Fitch Ratings kept Mozambique’s risk assessment unchanged at “Restricted Default” due to the government’s inability to honour debt servicing and payment of interest related to loans taken on by three state-owned companies with the State’s endorsement, according to a recent statement.
Fitch Ratings has kept Mozambique in default since November 2016, when the country failed to pay a US$727.5 million coupon on sovereign debt taken on by the Mozambican tuna company Ematum.
Since then, Mozambique has failed to pay three installments on this debt issue (Eurobonds) as well as payments on loans contracted by two public companies without informing international partners and national institutions, Fitch added.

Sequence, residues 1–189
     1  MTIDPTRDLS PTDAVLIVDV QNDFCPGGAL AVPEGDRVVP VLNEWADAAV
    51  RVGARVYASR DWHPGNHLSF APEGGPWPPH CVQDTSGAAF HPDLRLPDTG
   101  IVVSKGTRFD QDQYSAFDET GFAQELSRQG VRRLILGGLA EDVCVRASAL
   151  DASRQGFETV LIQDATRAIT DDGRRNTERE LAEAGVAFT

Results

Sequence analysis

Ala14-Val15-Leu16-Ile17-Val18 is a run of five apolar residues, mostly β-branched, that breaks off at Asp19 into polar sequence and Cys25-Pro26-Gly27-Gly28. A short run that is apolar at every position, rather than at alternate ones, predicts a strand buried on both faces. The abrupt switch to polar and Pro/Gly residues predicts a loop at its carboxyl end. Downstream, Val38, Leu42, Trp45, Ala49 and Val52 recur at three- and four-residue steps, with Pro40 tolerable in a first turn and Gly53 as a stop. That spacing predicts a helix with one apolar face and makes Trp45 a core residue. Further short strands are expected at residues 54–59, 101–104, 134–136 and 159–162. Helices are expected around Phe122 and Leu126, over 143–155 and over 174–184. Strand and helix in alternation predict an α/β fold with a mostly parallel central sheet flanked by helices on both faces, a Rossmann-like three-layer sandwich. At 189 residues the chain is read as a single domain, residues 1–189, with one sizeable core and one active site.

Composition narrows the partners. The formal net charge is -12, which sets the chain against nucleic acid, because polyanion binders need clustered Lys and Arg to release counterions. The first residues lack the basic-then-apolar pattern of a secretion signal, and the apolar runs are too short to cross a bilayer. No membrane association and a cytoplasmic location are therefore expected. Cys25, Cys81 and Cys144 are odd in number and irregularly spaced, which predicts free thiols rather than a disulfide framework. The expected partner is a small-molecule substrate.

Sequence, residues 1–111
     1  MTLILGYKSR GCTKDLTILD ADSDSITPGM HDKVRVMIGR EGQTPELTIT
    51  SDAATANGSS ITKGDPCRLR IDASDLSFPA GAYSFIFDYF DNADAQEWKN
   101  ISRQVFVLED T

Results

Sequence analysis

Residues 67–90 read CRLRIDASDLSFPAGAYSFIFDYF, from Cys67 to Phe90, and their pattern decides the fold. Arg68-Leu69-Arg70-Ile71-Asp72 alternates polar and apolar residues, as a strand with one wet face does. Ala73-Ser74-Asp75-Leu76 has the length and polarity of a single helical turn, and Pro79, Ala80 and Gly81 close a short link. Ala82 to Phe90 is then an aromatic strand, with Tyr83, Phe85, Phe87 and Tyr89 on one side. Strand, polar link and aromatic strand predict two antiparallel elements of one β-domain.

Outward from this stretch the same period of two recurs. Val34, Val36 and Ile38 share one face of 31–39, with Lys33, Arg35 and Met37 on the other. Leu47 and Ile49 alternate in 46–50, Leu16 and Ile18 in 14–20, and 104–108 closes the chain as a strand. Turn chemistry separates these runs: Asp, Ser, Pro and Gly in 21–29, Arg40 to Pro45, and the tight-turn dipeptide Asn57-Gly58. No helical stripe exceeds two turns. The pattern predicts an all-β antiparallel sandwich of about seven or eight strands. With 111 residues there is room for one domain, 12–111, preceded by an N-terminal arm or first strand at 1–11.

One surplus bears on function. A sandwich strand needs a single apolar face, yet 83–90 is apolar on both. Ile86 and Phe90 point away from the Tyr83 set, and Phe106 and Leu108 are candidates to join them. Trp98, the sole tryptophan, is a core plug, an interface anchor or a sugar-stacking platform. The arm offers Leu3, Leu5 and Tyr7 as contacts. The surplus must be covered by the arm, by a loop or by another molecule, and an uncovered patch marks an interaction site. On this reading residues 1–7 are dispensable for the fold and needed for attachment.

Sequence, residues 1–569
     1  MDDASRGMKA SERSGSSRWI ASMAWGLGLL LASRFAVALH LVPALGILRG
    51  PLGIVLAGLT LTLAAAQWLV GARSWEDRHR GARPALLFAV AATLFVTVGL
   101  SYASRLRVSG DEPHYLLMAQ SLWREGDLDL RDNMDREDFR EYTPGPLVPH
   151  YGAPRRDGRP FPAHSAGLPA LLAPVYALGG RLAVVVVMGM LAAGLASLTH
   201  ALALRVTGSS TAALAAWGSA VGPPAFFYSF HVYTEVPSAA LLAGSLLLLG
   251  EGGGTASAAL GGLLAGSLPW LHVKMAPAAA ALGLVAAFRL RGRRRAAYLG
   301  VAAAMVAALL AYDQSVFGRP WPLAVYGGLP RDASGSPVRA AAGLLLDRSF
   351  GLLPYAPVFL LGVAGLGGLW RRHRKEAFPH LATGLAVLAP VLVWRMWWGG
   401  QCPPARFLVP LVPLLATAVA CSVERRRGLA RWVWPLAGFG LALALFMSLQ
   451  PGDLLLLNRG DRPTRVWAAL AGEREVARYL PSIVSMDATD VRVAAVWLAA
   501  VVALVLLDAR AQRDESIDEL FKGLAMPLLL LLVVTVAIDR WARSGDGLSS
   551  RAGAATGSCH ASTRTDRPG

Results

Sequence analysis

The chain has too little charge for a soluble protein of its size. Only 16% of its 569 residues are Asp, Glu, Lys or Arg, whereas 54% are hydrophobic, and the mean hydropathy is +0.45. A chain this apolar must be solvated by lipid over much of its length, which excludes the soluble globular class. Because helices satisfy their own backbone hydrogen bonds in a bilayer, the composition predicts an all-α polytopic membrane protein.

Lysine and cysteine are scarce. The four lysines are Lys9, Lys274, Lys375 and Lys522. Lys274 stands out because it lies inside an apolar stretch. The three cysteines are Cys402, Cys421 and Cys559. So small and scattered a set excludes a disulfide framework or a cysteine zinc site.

Commenting on the meeting with creditors on 20 March in London, Fitch wrote that “although the renewed involvement with creditors is a positive development after a long hiatus, the timing and length of the debt restructuring talks is uncertain.”
The credit rating agency also said that the chances of a possible agreement with the International Monetary Fund (IMF) for resumption of financial aid “are limited,” as the international organisation “continues to require the government to disclose critical information identified in the June 2017 audit report by Kroll Associates UK on hidden debt.”